In my day with a stay at home mum and a teacher as a father by 8 pm they had had enough of dealing with us so off to our bedrooms we went. We lived in the Caribbean where the sun set and rose at 6 pm every day so it least it was already dark by then. As in those days reading was very much promoted we were allowed to read as long as we liked, but no playing or talking. The latter was bad for my two brothers who wouldn’t read unless forced to so so, while for me it was lovely to have as much reading time as I wanted. But sometimes when I had nothing to read and was bored we thought of all sorts of ways to get around being stuck in our room.
One thing was to remove the glass shutters from our window, we had adjoining rooms, and sneaking out to talk to each other outside. We never went anywhere as it was just the thrill of being outside at that forbidden time was all we needed. My brothers shared their room, but I as the only girl was so lucky to have my own.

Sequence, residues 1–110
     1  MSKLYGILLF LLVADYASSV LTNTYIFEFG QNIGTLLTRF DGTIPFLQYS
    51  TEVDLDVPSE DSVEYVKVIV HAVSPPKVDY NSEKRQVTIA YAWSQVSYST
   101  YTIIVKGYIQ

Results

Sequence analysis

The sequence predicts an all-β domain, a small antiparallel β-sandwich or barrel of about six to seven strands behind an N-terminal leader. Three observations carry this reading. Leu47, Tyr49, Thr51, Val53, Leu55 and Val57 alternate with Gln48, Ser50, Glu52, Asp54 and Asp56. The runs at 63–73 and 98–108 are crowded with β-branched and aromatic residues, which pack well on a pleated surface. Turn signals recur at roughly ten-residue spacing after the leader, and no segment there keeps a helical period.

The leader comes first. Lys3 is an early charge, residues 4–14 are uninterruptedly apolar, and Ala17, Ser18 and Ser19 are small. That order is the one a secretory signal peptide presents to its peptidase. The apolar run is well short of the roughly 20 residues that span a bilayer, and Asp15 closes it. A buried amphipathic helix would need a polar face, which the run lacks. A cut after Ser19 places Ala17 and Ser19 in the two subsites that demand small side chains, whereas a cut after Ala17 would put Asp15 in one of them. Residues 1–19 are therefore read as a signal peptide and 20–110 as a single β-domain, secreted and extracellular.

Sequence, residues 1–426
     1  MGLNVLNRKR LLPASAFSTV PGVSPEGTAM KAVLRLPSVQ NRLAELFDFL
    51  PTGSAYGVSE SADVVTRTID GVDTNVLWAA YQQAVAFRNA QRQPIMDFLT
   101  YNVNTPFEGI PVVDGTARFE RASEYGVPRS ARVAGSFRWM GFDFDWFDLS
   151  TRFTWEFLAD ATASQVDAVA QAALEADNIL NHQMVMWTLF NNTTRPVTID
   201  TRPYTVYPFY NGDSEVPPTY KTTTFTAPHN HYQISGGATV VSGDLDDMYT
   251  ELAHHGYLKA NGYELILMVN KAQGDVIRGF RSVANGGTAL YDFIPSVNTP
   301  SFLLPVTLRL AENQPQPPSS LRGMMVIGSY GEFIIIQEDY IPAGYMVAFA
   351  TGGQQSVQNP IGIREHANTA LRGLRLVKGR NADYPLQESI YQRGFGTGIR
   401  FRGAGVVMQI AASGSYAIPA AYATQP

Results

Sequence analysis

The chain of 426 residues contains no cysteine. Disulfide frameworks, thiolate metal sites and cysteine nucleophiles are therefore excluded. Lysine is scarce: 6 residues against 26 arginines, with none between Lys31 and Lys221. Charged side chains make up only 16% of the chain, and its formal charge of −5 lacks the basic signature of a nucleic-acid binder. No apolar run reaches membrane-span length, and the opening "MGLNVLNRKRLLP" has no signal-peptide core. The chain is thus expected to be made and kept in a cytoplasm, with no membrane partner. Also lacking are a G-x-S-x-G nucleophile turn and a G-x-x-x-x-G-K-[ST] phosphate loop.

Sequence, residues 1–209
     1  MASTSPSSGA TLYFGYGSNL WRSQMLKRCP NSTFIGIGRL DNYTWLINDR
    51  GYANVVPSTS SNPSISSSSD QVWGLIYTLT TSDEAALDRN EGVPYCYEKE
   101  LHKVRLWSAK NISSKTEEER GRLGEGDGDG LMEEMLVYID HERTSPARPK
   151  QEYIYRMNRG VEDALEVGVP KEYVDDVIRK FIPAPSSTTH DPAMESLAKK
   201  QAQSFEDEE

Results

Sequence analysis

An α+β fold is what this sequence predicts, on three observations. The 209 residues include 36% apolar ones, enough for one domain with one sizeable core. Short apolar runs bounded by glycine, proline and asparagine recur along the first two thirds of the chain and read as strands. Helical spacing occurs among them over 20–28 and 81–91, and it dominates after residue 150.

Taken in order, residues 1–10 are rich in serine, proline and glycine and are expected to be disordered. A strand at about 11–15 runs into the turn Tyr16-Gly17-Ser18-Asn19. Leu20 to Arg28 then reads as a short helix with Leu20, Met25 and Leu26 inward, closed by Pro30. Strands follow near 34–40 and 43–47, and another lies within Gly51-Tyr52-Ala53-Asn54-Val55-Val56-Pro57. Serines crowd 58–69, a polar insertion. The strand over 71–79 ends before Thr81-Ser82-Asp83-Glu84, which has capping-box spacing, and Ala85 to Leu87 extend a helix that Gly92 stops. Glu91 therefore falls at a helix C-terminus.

Another exciting thing to do was to have a long string with the ends tied together. Before we went to bed we made sure in both our rooms we had one end of the circle tied down and were each in possession of a clothespin. So after lock down we would exchange written messages by attaching them to the string and circling it around until it had reached the other room. Very Enid Blyton.
It all must sound dreadfully boring in this day and age of being able to kill and maim whole hordes by pressing a few buttons on a console, but I can tell you that for us the sense of outwitting the grownups gave us a tremendous thrill. Looking back it also taught us resilience and being able to find solutions to problems. And as those “adventures”made us very tired we slept like logs and went to school bright and full of energy.

My parents were a little bit frowned upon by their friends at being far too lenient with us. The late weekend bedtimes, being allowed to refuse to eat food that we hated, porridge, sprouts any vegetables for me, and letting us roam wherever we wanted without any supervision. You have to understand they were very young when they had us and I must admit a bit careless.